-If the base of your arena is starting to show through, it means the top layer has broken down and is too thin. More material should be added.

 

-If puddles form and remain in your arena, it means that the drainage isn’t what it used to be. You may need to re-grade the footing so that water doesn’t accumulate after it rains.

 

-Overly dusty footing may need to be replaced. As the material breaks down over time, it forms smaller and smaller particles which get kicked up into the air as horses work on it, turning your arena into a dust cloud. Frequent watering can help this problem, but at some point the footing will need to be replaced.

 

-If you can hear your horse’s footfalls distinctly, your footing either needs to be dragged so that it’s more even, or more material needs to be added.

 

-And lastly, if the sub-surface of your arena starts to develop a depressed ‘track’ along the rail where horses work most often, it probably needs to be re-graded.

 

Contact a Pennsylvania equestrian footing professional to upgrade your arena footing as needed, and you’ll have a safe, quality riding surface for years to come.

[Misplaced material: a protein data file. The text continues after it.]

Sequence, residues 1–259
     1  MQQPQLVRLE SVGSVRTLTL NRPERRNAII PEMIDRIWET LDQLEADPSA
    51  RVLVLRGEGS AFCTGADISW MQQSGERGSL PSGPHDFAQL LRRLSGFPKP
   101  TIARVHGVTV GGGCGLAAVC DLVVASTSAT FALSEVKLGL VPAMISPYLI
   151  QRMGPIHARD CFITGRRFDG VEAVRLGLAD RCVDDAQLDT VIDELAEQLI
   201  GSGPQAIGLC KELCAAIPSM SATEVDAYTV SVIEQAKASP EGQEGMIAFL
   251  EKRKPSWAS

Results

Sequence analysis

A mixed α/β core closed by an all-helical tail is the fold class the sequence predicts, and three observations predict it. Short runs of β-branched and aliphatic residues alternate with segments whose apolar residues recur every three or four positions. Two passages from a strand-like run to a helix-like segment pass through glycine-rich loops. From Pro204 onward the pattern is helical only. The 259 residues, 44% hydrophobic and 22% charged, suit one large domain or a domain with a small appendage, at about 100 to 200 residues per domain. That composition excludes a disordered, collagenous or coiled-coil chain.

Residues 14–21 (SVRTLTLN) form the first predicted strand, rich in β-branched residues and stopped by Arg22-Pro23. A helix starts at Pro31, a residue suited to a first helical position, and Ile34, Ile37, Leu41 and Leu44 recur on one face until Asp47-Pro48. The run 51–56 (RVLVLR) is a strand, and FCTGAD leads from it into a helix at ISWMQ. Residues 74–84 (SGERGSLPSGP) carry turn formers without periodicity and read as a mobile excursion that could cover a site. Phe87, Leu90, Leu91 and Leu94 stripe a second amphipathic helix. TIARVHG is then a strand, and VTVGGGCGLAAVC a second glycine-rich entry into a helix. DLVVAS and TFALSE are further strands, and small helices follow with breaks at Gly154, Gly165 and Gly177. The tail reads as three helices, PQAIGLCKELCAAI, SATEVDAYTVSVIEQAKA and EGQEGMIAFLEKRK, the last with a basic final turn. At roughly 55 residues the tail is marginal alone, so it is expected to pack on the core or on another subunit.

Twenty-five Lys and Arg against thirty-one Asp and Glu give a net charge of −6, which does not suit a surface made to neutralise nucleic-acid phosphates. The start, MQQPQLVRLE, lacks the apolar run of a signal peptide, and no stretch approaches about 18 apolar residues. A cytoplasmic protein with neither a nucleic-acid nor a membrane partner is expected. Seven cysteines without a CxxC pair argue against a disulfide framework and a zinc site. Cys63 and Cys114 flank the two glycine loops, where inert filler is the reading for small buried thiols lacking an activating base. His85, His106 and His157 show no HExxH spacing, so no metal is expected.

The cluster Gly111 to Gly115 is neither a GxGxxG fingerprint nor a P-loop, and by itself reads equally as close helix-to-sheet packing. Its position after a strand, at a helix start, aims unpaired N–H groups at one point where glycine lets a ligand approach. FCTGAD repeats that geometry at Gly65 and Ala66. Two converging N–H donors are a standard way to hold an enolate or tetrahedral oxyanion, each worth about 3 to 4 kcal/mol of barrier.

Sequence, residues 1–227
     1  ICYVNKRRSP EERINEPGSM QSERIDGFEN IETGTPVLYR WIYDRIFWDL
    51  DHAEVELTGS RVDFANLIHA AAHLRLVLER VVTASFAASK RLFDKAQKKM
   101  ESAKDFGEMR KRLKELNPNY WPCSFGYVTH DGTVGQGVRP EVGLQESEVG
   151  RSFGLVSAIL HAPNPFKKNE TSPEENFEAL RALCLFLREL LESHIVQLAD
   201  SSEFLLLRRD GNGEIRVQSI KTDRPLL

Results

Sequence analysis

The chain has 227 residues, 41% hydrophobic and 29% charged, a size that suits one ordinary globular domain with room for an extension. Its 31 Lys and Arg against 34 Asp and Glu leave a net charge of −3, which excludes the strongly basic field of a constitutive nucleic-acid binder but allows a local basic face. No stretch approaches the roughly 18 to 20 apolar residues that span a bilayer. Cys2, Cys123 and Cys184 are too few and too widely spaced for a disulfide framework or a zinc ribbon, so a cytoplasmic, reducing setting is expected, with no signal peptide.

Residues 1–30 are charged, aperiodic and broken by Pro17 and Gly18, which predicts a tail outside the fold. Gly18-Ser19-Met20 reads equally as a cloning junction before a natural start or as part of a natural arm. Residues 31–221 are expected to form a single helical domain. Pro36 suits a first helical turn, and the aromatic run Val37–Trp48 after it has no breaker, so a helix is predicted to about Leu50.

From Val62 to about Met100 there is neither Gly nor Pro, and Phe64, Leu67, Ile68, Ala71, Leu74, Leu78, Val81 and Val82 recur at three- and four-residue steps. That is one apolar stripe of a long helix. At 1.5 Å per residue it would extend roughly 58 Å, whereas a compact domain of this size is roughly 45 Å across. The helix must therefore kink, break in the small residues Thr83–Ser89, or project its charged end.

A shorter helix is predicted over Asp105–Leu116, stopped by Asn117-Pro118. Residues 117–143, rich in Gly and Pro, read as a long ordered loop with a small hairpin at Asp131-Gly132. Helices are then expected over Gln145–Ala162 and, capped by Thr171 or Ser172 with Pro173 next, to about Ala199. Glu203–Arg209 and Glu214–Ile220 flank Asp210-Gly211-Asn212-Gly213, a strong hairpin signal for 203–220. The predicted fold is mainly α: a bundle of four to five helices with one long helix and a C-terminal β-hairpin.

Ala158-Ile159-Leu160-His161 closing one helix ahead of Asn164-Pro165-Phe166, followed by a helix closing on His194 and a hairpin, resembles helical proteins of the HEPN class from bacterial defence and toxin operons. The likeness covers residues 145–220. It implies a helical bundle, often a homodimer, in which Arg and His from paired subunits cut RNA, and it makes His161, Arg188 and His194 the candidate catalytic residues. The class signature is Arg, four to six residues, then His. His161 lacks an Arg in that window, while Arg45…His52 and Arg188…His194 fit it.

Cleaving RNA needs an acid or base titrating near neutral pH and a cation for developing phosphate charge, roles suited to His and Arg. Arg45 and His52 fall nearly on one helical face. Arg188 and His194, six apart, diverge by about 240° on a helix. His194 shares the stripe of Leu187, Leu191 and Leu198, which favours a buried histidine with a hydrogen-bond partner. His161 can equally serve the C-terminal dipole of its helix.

The biggest equestrian event on the globe is set to begin this Saturday, August 23, 2014. After the opening ceremonies this weekend, competition will start on Monday with Dressage, Reining, and Para-Equestrian. WEG will continue for the next two weeks, with riders from across the world also competing for the gold in Eventing, Show Jumping, Vaulting, Endurance, and Combined Driving. Be sure to pay special attention to the Eventing competition, as PA-based riders Boyd Martin, Phillip Dutton, Buck Davidson, and New Jersey neighbor Sinead Halpin represent Team USA.

 

If you’re unable to be in Normandy, France to catch the action in person, you can subscribe to FEItv.org and watch the live stream of every event.  You can also keep up with the events on usefnetwork.org, and cheer on the USA!

 

 

 

 

Last summer Monroe County, PA became home to the Pocono Rodeo making the dreams of local bull riders come true each Saturday night at Memory Town, in Mt Pocono.  One of my friend’s husband decided to get an adrenaline rush and ride a bull at 60+ years of age no less without any practice during the competition!  Thankfully he managed to have a more than respectable ride and got bucked off without incident.  He was flying high for several months after that stunt.

 

Having the pleasure of meeting the co-founder and organizer, Shawn Zrowka  recently on a real estate appointment I decided it was time to make my way to the local rodeo once again to see what this summer’s edition had to offer.   Last year’s rodeo had already proven itself as a successful event that was here to stay. The 2014 series though was definitely ramped up with the addition of team roping, calf wrangling and other fun exhibitions in between the bull riding and barrel racing classes.  The current music was very fitting for the NY/NJ audience.